Development:

Mark Taper Forum, Los Angeles

Workhouse Theater, N.Y.C.


 

Hard-hat Area

Hank's wife has run out of reasons not to be cruel. She declares him insignificant in every way. When he sees the truth in what she says, he makes a desperate attempt to revitalize. When the Company send him to Latin America, instead of his rubber stamp inspection tour of a reactor, he ventures into a "forbidden zone" and finds Al, an underworld figure who becomes his new mentor. Can Hank restore his relationship with the wife he once loved? Did his work ever have any value? Should he give in to the dark side of his subconscious? Or should he just take dancing lessons? "The evil that men do lives after them..." but does it have to?

Character Breakdown: 3M, 3F

Set/Technical: Multi-purpose palying area.
Running Time: 1hr. 45 min.

Awards:

Drama-Logue Award - Playwriting

Production History:

Theater of NOTE, Los Angeles

Reviews:

Leon Martell's latest play is exceptionally imaginative and often as explosive as the plutonium carried by Hank, the central figure.

Drama-Logue, Bruce Feld

With chilling results, playwright Leon Martell delivers a well-written and surreal black comedy, exposing the dark side of science's efforts to benefit global corporatism under the guise of aiding the world...

L. A. Weekly, Martin Hernandez

Leon Martell knows droll...

Los Angeles Times., Kathleen Folley

Development:

Mark Taper Forum


 

Leon Martell: One-Act Plays

Feed Them Dogs

John makes the mandatory pilgrimage to his Godmother's trailer in the woods. John's cousin Donna is aching to get out, his Grandfather is preparing to die, and cousin Roger just wants the world to go away. Aunt Florence, his godmother, is just afraid to be forgotten. Meanwhile, J.J. the three year old from hell, does everything he can to bring on the Apocalypse. Seven dogs are chained to the trailer. Why does John comes back? A Dark Comedy in One Act.

Character Breakdown: 4M, 2F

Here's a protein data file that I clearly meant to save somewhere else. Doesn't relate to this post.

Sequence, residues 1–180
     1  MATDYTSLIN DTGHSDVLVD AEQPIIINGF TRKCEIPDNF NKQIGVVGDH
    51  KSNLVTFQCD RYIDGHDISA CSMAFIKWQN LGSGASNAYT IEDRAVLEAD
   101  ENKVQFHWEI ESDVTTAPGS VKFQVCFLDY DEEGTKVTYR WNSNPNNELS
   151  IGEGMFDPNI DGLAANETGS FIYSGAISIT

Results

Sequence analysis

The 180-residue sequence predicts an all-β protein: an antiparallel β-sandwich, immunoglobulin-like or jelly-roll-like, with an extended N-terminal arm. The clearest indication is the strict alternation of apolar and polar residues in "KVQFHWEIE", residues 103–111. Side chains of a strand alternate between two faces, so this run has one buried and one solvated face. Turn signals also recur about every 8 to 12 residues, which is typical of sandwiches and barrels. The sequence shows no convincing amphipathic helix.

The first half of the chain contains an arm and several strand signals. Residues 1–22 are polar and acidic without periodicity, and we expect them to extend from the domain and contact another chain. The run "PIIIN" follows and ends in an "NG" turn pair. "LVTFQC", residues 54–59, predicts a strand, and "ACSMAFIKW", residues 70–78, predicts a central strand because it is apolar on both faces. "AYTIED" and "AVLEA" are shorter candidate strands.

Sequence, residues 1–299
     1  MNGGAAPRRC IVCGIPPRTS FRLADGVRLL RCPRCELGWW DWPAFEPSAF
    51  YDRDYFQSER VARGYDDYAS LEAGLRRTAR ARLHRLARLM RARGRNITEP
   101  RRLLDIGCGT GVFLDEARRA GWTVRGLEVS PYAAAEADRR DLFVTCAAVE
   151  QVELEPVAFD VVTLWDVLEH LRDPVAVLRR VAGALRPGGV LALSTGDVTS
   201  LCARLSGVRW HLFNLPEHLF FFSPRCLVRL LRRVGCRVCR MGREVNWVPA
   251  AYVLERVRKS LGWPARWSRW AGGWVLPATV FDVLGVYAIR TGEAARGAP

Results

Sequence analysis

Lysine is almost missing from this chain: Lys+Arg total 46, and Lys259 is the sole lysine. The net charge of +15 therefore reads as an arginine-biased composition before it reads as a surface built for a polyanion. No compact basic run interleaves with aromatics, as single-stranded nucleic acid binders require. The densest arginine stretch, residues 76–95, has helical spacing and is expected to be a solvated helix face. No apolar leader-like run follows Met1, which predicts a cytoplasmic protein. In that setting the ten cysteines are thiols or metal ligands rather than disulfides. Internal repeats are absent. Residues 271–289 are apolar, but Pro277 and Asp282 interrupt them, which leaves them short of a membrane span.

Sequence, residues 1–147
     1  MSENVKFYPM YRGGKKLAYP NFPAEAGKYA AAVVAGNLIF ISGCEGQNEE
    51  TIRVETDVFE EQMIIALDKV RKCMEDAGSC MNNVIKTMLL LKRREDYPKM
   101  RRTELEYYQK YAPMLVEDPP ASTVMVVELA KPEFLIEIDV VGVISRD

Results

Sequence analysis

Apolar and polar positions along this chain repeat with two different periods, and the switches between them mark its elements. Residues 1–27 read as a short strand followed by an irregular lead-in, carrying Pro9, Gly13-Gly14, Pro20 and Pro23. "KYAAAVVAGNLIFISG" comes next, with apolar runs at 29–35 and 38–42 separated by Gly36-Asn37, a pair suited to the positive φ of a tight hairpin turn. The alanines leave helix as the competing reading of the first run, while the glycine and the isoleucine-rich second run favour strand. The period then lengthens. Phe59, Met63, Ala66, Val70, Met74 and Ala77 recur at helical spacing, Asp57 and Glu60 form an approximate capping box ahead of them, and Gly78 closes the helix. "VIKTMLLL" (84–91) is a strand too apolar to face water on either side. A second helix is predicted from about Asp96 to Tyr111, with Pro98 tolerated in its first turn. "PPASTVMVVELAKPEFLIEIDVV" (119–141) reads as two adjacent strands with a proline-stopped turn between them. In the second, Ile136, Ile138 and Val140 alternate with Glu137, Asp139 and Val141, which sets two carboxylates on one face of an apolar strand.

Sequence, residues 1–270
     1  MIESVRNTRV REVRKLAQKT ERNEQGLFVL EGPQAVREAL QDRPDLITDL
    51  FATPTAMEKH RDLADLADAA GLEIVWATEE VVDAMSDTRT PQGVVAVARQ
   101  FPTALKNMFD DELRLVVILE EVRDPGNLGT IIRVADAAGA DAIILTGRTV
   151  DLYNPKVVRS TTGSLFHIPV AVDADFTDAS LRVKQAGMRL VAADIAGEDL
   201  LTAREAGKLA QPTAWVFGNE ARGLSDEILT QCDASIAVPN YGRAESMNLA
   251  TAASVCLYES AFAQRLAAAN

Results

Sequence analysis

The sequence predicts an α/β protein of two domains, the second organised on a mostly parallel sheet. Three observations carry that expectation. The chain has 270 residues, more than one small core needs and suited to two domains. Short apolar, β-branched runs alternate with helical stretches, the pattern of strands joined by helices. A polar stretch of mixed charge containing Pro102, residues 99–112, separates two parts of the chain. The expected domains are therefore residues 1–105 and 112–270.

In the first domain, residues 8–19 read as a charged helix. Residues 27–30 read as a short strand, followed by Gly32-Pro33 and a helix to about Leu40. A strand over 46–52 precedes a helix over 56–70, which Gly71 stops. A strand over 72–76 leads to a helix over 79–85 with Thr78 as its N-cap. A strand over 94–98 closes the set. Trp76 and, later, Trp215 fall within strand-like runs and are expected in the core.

Set/Technical: Single set - trailer/shack and surroundings
Running Time: 45 minutes

Awards:

L.A. Weekly Award for Comedy Ensemble _ Theater of Note Production.

Production History:

Theater of Note- Los Angels, 1991

Reviews:

In "Feed Them Dogs" playwright-director Leon Martell leads a precise ensemble in a poetic, excruciatingly funny elegy to a lost American Past. On a break from electronics school, John pays a squirming courtesy call to his rural Vermont mountain cousins. There he is held hostage to the suffocating hospitality of his matriarch aunt, her chortling husband, and their inbred offspring. John eventually tears himself away, but not before recoiling in the horror and guilt of recognizing in this strange brood an essential, half forgotten part of himself. In the process, Martell underlines the deeper tragedy of an eccentric mountain family whose anachronistic embrace of Revolutionary American values, (the primacy of family, the sanctity of land)has left them grotesque caricatures, tragically out of step in a post industrial semiconductor culture.

L.A. Weekly, Bill Raden

Development:

Workshop - Padua Hills Festival - 1989


 

Hoss Drawin'

Russ has prepared a demonstration of a "draft horse pull" (aka "hoss' drawin'"), an arcane sport on which he is an expert. He has enlisted the help of Kathleen who both announces at these events and comes from a family with a long history with draft horses. Things start to go awry when she forces Russ to admit that he doesn't have any horse, for this demonstration, or anywhere for that matter. Russ proceeds to play all the drivers and all the horses in his lecture demonstration, with Kathleen reluctantly providing color. Issues of abandoned loves and lost dreams arise.

Character Breakdown: 1M, 1F

Set/Technical: A card table, a clip board, a bull horn and a bungie cord... some plastic pennants would be nice.
Running Time: 35 minutes

Awards:

L.A. Weekly - Best Actor in a lead performance

L.A. Weekly - Best Actress in a lead performance

Production History:

Bay Area Playwrights Festival

The One Act Theater, San Francisco

The Padua Hills Fewstival, Los Angeles

The Powerhouse Theater, Los Angeles

University of Iowa

Development:

Bay Area Playwrights Festival, Sna Francisco

New Dramatists, NYC

Honors:

Published in "West Coast Plays" Vol. 13

Published in "Plays from the Padua Hills"


 

Leon Martell: Ten-Minute Plays

Gingersnap and Scissors Face

Imagine being told, "This is "X", they're going to be your best friend and sole companion for life. See you later." This is what we do to our pets. Described by audiences as "doggie 'No Exit'" and "canine 'Who's Afraid of Virginia Wolf'," it's lust, hatred, dreams, and bones, told in dog-speak and all in a tiny back yard.

Character Breakdown: 1M, 1F

Set/Technical: Simple playing area. Perhaps a fence.
Running Time: 12 Minutes

Production History:

Wilton Project, Los Angeles

Development:

Wilton Project


 

Bleeding Sergeants

When the founder of an old Hollywood hangout dies, his ultra hip daughter takes over. She comes in after clubbing, to deal with the night shift staff... some of whom she knows much better than others.

Character Breakdown: 2M, 1F

Set/Technical: A cafe table and chairs.

Production History:

Produced at "Company of Angels" in their "L.A. Views III" Festival.